(This is part 2 of our two part blog series on Antarctica banknotes. Here’s a link to part 1: Cold Hard Cash from Antarctica – Part 1.)
In 1999 to 2001 this series of notes were reissued, but in a smaller and more regular banknote size as one criticism was the fact that the notes were too large – especially for some collector’s folders or storage sleeves. This series is now almost all sold out as well, there are a few dealers with limited inventory, but is eagerly being sought and brought by collectors now who do not want to miss out on not only the last paper money series, but the last in these original designs.
The reason I said paper money series is because in 2007 Antarctica Overseas Exchange Office made a decision to go over to the newer polymer notes (polymer biaxially-oriented polypropylene – BOPP – to give it its’ full name; I will stick to Polymer) Polymer notes are state of the art banknote printing and not only does it offer a much longer life in regular circulation, it also offers much more opportunity for brighter colors and detailed depictions to be printed on the notes – which when you think of the beauty of the subjects available this make great sense and offers the collector a new type and more beautiful note to collect. The first in the “polymer” series were a collection of 3 notes, being the $1, $2, and $3 and issued in 2007. These were simply stunningly beautiful notes especially the new $1 bill, which portrayed the great adelie penguins in all their glory (I specifically like the depictions of the penguins sliding down the ice) The $2 and the $3 while not so strikingly colorful had interesting historical portraits of James Ross and an outline of New Zealand and Antarctica lands showing their territorial claim to this frozen continent. The $3 similarly has a portrait of King Haakon VII of Norway and on the back an outline of Norway and Antarctica showing their territorial claim to the continent.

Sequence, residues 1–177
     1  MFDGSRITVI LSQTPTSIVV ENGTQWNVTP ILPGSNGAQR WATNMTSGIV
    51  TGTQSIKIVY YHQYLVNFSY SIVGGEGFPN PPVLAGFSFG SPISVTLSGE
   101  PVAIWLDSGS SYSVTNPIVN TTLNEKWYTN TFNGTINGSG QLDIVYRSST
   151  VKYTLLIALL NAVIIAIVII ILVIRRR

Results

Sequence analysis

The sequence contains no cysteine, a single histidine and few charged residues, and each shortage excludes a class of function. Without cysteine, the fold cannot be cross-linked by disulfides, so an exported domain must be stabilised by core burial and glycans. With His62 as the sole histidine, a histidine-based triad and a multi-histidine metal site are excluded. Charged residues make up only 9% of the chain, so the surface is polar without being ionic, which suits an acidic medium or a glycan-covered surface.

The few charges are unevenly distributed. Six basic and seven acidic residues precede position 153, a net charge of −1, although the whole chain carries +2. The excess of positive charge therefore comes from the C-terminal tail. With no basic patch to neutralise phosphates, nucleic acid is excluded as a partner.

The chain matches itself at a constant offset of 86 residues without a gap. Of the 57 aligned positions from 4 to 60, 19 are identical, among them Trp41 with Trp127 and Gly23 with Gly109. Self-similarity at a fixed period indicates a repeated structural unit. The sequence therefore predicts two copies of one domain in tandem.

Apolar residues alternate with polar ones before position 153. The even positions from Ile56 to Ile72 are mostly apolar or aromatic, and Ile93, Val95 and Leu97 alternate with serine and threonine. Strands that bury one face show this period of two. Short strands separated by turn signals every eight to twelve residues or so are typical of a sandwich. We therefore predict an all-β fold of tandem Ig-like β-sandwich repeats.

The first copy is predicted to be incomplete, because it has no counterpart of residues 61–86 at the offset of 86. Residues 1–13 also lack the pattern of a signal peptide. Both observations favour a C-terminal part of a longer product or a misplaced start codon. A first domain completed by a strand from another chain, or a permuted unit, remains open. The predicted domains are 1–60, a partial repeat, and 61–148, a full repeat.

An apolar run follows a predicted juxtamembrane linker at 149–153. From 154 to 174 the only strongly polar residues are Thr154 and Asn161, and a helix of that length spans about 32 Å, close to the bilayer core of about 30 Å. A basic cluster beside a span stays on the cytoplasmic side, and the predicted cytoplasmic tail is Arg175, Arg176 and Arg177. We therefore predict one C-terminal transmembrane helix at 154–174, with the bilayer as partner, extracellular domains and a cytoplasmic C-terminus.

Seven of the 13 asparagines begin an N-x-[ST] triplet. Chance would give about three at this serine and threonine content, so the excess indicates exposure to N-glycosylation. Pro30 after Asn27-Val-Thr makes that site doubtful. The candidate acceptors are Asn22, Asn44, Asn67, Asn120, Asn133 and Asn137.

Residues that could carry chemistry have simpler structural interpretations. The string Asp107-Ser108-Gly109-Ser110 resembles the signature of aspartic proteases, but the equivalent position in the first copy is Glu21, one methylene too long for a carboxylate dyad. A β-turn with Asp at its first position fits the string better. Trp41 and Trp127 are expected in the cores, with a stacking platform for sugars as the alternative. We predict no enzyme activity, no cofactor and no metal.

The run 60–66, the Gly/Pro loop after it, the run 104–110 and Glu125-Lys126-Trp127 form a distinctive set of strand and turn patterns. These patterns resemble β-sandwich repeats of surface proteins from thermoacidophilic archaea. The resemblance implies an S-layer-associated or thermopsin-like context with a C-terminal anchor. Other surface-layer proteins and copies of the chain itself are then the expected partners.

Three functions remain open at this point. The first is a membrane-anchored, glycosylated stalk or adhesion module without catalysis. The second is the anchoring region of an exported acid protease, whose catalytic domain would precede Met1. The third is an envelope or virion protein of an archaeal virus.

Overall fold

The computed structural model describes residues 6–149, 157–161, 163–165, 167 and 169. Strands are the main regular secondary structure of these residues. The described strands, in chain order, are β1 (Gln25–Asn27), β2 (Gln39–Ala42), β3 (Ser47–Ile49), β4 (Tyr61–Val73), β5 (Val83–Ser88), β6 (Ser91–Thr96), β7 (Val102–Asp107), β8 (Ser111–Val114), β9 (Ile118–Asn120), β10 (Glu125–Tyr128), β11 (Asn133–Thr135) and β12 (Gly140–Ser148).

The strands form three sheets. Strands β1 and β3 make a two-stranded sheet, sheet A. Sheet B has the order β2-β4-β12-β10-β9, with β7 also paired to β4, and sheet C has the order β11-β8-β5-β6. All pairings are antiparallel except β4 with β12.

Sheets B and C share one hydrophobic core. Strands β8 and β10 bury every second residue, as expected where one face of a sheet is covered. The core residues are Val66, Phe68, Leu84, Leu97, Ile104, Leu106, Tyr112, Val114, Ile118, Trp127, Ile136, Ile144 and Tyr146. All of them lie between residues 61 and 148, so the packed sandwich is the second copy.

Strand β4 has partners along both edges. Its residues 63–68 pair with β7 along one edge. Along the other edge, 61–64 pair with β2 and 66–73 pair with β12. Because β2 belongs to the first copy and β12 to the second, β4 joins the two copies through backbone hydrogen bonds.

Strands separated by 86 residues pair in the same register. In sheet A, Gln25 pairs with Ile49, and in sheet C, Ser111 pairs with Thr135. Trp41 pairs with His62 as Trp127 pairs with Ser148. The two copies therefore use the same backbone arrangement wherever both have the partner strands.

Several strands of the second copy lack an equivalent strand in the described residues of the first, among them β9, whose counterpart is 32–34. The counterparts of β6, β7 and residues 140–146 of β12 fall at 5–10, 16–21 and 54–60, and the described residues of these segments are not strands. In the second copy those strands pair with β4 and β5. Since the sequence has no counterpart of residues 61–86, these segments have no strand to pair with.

While the above was a short series it was an interesting collection and with the 2008 series the same three notes were used, but this time a bright vertical stripe was added to the right side of the note, enhancing the coloration of these notes. In addition the series was extended with firstly an strikingly green colored $5 bill featuring Brittania and the Great Auk. Slightly out of order the next issue was a pretty purple issue of the $20 bill. This bill features Captain Frank Worsley and an interesting coastal outline of the continent showing the sea area with islands and interesting facts (such as where Endurance sank)
The $10 was issued in 2009 and features Captain Robert Falcon Scott (A name everyone of course know in connection to the Antarctica and the South Pole) and a scientific station on the front. However, the back of the note is probably the most unusual of all the notes ever issued in any of the series. It shows part of the “Scott Window” at Binton Church in Warwickshire, England. A note you would have to see to appreciate the amazing and unusual depiction. It is not only fascinating, but interesting to realize that his adventures to the South Pole are captured in stainless glass on an English Church window.
Finally, I could not leave without explaining the fact that these notes have actually been used in Antarctica. This organization uses the funds raised from selling these notes to fund scientific projects and some of the scientists have “for fun” used them in trade with other scientists there. In some advertising literature for these notes it states “We encourage you to buy and use your Antarctican notes in transactions between collectors or on you next visit to Antarctica. Representatives of the territorial governments now in Antarctica may not recognize these notes, even in Antarctica, so please ask first before attempting to use them in a transaction in Antarctica.
Since first writing this article, The Antarctic notes are becoming much rarer and many are much sought after collector’s items. In addition they have now issued some amazing notes from; Easter Islands, Galapagos Islands, Kerguelen Islands (Desolation Island), New Jason Islands.
Footnote: There are also an exciting issue of notes from Arctic Territories – these notes are issued by another company, but are every bit as beautiful and feature, Polar Bears, Foxes, Wolves, and more. A subject for my next blog?